How to cope with anger

Explains anger, giving practical suggestions for what you can do and where you can go for support. Also includes advice for friends and family.

Your stories

Channeling my anger into positivity

After getting involved with Mind, James found a way to turn his anger in to something positive.

James
Posted on 06/02/2018

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George blogs about how he came to understand his girlfriend's depression.

Posted on 24/04/2013

How CBT helped me beat the bully in my head.

Sarah blogs about how cognitive behaviour therapy helped her manage her anxiety disorder.

Posted on 27/11/2014

What help is available?

There are various treatments available that can help you with your anger problems. This page covers:

If your difficulties with anger are related to a mental health problem and/or traumatic experiences then you might find that treatment and support for this also addresses your anger. (See our A-Z of mental health for information on treatments and support for different diagnoses and experiences).

Talking therapy and counselling

Talking therapy and counselling involves talking about your problems with a trained professional (such as a counsellor or psychotherapist) who can help you explore the causes of your anger and ways to manage it. This can help you work through your feelings and improve your responses to situations that make you angry.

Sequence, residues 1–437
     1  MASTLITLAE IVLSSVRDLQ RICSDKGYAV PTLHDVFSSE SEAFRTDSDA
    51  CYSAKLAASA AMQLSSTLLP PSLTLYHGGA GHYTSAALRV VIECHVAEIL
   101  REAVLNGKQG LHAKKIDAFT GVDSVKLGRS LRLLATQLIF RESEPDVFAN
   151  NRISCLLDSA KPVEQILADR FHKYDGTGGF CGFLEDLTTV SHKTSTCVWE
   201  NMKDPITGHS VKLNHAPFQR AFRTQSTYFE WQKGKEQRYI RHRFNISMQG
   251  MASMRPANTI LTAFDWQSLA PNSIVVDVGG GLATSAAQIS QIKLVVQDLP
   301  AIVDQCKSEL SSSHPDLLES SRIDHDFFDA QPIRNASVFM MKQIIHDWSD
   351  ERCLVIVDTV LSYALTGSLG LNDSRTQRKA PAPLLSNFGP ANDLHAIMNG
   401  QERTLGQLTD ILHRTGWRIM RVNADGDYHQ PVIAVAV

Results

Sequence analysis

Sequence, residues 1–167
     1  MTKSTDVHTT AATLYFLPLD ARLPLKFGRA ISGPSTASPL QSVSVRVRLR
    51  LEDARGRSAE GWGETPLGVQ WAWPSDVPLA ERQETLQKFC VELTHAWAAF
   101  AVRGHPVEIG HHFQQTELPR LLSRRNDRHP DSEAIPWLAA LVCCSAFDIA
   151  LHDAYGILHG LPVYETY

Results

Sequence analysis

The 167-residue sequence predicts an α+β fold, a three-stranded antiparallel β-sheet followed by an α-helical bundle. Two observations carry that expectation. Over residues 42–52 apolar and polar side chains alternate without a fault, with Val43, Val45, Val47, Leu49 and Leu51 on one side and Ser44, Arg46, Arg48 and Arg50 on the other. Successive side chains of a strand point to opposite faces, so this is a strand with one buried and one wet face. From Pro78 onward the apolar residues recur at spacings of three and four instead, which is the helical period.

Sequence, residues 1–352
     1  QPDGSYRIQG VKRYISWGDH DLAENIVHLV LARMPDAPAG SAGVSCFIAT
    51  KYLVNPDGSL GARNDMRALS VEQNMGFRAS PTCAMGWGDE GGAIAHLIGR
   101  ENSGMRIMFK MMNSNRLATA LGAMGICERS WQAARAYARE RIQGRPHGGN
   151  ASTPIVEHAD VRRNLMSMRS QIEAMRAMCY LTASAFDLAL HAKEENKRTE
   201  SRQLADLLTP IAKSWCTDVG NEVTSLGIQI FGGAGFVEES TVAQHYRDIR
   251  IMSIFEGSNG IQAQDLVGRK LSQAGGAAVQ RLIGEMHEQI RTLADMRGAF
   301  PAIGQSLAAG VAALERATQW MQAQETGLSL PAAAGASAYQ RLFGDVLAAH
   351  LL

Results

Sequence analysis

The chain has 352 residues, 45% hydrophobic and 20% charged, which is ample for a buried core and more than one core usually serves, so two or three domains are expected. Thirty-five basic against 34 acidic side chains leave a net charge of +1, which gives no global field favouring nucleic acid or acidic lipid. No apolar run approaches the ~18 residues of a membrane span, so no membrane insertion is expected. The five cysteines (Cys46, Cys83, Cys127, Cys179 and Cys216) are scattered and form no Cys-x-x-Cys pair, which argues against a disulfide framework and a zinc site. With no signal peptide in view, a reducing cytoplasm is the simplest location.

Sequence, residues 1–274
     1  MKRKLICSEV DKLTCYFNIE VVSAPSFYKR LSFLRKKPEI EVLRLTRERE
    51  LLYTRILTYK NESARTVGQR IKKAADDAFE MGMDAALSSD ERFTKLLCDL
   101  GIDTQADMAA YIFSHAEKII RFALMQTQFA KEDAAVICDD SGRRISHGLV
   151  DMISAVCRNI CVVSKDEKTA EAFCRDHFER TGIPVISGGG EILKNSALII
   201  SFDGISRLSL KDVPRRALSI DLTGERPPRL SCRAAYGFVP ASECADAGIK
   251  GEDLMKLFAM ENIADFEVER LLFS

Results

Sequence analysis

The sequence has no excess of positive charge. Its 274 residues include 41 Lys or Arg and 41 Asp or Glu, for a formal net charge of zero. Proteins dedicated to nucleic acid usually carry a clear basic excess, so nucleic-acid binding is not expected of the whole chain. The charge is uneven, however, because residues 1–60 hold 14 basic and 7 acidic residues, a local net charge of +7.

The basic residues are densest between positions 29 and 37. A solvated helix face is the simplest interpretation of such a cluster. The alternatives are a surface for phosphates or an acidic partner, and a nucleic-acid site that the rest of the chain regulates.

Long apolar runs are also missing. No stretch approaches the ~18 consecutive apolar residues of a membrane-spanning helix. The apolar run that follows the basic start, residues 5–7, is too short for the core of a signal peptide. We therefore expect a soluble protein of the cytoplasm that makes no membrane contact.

There are different types of talking therapies, and some are specifically tailored to anger issues.

  • Counselling is usually a short-term treatment where you might talk through a specific issue – such as outbursts of anger with your partner or in the workplace – and try to understand how you could manage those situations differently. Some workplaces, higher education institutions, local charities and GP surgeries offer free or low-cost counselling services to their employees, students or local residents.    
  • Psychotherapy often lasts longer than counselling and tends to go deeper into past experiences. Your focus here may be on learning more about yourself to help you understand why you express your anger the way you do, or why certain situations make you angry.    
  • Cognitive behavioural therapy (CBT) is highly structured short-term talking therapy that examines how your thoughts, feelings and behaviours affect each other, and aims to teach you practical skills to change this. CBT is the most commonly offered talking treatment on the NHS. You could also try to learn CBT techniques by yourself through accessing self-help books from your local library, or online through free apps.    

For more information about different kinds of talking treatments and how they can help, see our pages on talking therapies.

Talking, talking, talking over many years has helped immensely. Now I don't bottle it all up inside.